By Kate Conger
By Brian Rinker
By Rachel Swan
By Anna Pulley
By Erin Sherbert
By Chris Roberts
By Erin Sherbert
By Rachel Swan
The same fate almost befell the Wapama. Sold for scrap in 1949, she was lying at a Seattle dismantling yard when she was discovered in the mid-1950s by a zealous, politically connected group of San Francisco maritime enthusiasts. At the heart of this group was a passionate, cantankerous, charismatic old sailor named Karl Kortum.
Kortum would be the first man drawn to this siren, and the first to pay a price.
Karl Kortum, the broad-shouldered, sharp-tongued father of American maritime restoration, dedicated the last half of his life to the Wapama. In the end, his devotion cost him nearly everything. He lost his longtime title as chief curator of the San Francisco Maritime Museum. He feuded until death with the museum's directors, his former friends, and anyone he thought was against him, all in service to his beloved ship.
Kortum is remembered as the greatest ship preservationist the world has known. His name graces the long, curving pier outside San Francisco's Maritime Museum. When he died in 1996, Kortum was eulogized in 500-word obituaries in the London Daily Telegraph, the New York Times, and dozens of other papers. He was lauded as a hero by no lesser chroniclers than Walter Cronkite and Herb Caen.
But in the end, his fame, his reputation, and his lion's will weren't enough to save the Wapama. Kortum's obituaries say he died of heart failure. This was true, to a point. But people close to Kortum say it was his realization that he could do nothing to save the Wapama that weakened, and finally broke, his heart. When he became too ill and weak to fight on, he gave up, retired, and died at age 79.
"I think Karl's sickness was largely because he was in a situation where he no longer had any authority, and in some circles he didn't even get respect, which was a terrible thing," says David Nelson, former executive director of the National Maritime Museum Association, and a longtime friend to Kortum.
Insult followed injury one year after Kortum's death, when the National Park Service formally published its General Management Plan, slating the Wapama for destruction.
"He had left a trail of broken bones and blood in his drive to save the museum and his personal legacy of being the spiritual leader of the museum," recalls retired Capt. Harold D. Huycke, a close friend. "In his last years, he couldn't call in his wide circle of friends. They just weren't there for him. Because of his stubbornness, I guess."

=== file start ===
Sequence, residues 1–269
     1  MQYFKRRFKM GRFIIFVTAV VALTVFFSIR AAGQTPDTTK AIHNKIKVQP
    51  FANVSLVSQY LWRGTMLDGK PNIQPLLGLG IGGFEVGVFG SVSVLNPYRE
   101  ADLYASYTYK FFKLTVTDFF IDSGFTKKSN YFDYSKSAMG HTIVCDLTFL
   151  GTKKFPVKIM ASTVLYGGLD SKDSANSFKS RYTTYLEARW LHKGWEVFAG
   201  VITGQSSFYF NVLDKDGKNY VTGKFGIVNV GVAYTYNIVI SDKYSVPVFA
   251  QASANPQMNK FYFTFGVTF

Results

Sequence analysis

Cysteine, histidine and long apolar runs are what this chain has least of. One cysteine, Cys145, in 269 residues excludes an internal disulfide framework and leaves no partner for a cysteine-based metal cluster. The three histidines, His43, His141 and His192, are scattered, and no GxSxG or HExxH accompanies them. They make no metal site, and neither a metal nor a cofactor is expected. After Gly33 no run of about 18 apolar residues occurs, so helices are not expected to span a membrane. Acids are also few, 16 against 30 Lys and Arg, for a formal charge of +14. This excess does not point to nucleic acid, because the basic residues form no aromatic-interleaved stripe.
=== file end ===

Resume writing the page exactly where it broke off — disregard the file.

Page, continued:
It was this proud stubbornness, and an irresistible sense of purpose, that initially led Kortum and a group of his allies to create the San Francisco Maritime Museum 49 years ago.
The museum began with the donated model ship collection of sugar heiress Alma Spreckles. The San Francisco Chronicle -- then edited by Kortum pal Scott Newhall -- and the city's three other newspapers of the time backed the museum idea. The papers' support helped create a space on the city's payroll for Kortum as Maritime Museum curator.
City money allowed the museum to be born. But Kortum and his friends had grander dreams than the city's budget could support. San Francisco, they imagined, would live out her history as one of the world's greatest port cities by hosting America's greatest maritime museum. For this, they would need to buy real, floating, wooden ships that would be restored, then maintained by old-school shipwrights. Deep pockets would be needed. Fortunately, Kortum and his friends had plenty of political pull.
With help from friends in the Sacramento Statehouse, these San Francisco maritime buffs managed to finagle state funding for their dream museum.
In 1954, the Museum Association bought a square-rigged ship called the Balclutha. Next it bought the schooner C.A. Thayer -- a historical predecessor to the Wapama -- and then, in 1957, the Wapama herself.
Getting the Wapama to San Francisco at state expense involved a touch of subterfuge, Nelson recalls. Perhaps appropriately, state officials fancied the ship a boondoggle. So the most prudent approach to obtaining her involved keeping as few people apprised of the project as possible.
"The Department of Beaches and Parks didn't want this thing -- it was a wreck and a monstrosity. But because of the pressure we were able to put on them, they bought it," Nelson recalls. "When it was towed down from Oregon, we towed it down under a fictitious name, so that if anybody said, 'I wonder what that wreck is doing in the middle of the bay?' we could say, 'Beats me.' "
The Wapama was to become a centerpiece for the antique fleet. It was the maritime missing link between the epoch of sail-driven seafaring and the age of steam.
But acquiring condemned old ships is a much more modest proposal than restoring and preserving them. An internal inventory of the Wapama's state of disrepair taken in the 1950s included the need to replace scarred and rotted planking, and a "very large contingency fund appended to the next dry-docking contract," in order to repair rot.
That was only the beginning, of course. Wooden boats are excruciatingly mortal. From the moment a wooden ship eases into the water, it begins to decay. Even new ones must be pulled from the water every two years or so and refurbished. Occasionally, they must be replanked.